The next thing Henry stressed was how to retrieve the bait. He made it clear that slow and steady was the best retrieve to be used. He then went on to say, "when the lure is retrieved slowly, the wobble of the bait makes the rainbow very curious and attracted to the lure. They do not have hands so they have no choice but to grab it with their mouth." Henry explained to achieve an irresistible wobble, use a Rapala knot with a soft tipped rod to really help accentuate the action of the lure. The loop in the Rapala knot allows the lure to swing freely while the soft tip swings with each roll of the lure.
As the day went on I also learned the importance of the rod length. I started with a 6′6″ medium action bait casting rod with 8lb Berkley XL. I caught my first fish on my third cast with this set up with no apparent problems. I've never experienced such a violent strike before, the fish nearly yanked the rod out of my hand! It was such a big contrast from just seeing your float disappear when a fish strikes. Now that I could actually experience the feel of the strike, I nearly had a heart attack! After a five minute battle I had my first steelhead landed on the secret lure! It was a decent eight pound fish but it made me feel like a reborn steelhead angler! Catching this fish on this lure really changed the game for me! About ten minutes after landing this fish I had another one smash my bait and second later a fifteen pounder was flying out of the water shaking its head like a mad dog with rabies! As soon as the fish hit the water all I felt was slack, @@##$##! I couldn't believe it the fish was gone! The beast snapped my line off!! All I heard from down the trench was Henry saying, "your rod is too short and stiff, that is why the fish is gone, it cannot absorb the shock." At Henry's recommendation, I now use a 7′ medium light rod with 8lb Berkley xt with my drag set loose so when the fish make its first giant power surge it doesn't stress the line. Don't worry about hook sets with the loose drag, Henry makes sure when you get one of his lures that the hooks are pre-sharpened. So when these fish want it they hook themselves 90% of the time.
Later that day Henry's friend Andrew came down to the river after hearing that the bite was on. He was already an avid fan of Henry's baits and was instantly tossing this odd looking purple "Henry's bait". Five minutes went by and wham!!! Andrew had a monster on! He fought it for about ten minutes and still had not got a glimpse of it! Ten minutes later the bulldogging monster finally started to rise like a Russian submarine, it was a giant male! Its whole side was a beautiful bright red with a hooked jaw like a salmon. We put him on the scale and the fish was just under 19 pounds! I couldn't believe it, in just two days I witnessed a seventeen pound fish, a nineteen pound fish and had lost a fifteen pounder! I hadn't seen one fish over fifteen pounds in five years and now in two days fishing with Henry I had seen three! I was so amazed!! Henry though was as cool as ice and calmly said, "If you want to take the biggest fish in the water, you use my lure and see what happens." It's been years since that day and I still consistently catch monsters on this lure.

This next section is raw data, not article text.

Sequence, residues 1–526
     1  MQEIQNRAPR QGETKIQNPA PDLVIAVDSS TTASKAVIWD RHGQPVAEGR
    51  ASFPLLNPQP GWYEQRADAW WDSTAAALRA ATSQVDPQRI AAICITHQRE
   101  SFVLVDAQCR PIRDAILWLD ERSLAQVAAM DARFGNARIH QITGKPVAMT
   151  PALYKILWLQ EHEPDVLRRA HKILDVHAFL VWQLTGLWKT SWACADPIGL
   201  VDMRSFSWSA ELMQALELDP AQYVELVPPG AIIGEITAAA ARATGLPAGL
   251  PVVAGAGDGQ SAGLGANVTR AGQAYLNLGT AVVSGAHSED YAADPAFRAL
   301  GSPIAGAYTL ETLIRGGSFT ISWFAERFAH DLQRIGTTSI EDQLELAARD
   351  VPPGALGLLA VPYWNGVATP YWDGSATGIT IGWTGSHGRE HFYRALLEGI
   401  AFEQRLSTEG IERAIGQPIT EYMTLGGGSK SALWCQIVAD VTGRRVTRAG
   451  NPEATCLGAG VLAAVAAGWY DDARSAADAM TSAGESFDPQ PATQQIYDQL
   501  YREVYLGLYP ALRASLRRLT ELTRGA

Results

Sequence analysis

After years of trial and error with Henry and his bait I've learned a few important factors that play a role in success when using Henry Lee's old dirty secret.
First is the water clarity. The lure works best when there is at least a foot of visibility to ultra clear, although I have caught the odd fish in muddy water using the much brighter and bigger lures that Henry makes.
Second is the location. It pretty much works anywhere where steelheads reside. Just because the bait is big doesn't mean you can't throw it into shallow skinny water. Henry originally designed the bait for Cobourg Creek, which is so small that some of us on the Ganny refer to it as "The Dribble." I've used the bait up stream in clear shallow water and have had crazy success. Just make sure to keep a low profile and watch your shadow. I've worked fish in pools like I was sight fishing for bass and watched how they react to the bait. Its crazy, sometimes I make ten casts to a fish and then he starts to show a little interest and then all of a sudden, wham! Its a pretty awesome way to catch them and in big water like wide trenches the lure is so effective in covering water and locating fish.
Last is the timing of when to use it! It works great throughout the river steelhead season but it really peaks just as the salmon eggs disappear and the steelies are no longer zoned in on roe and start to develop what I like to call an open mind. I estimate this time to be anywhere from late November to mid December depending on the given year.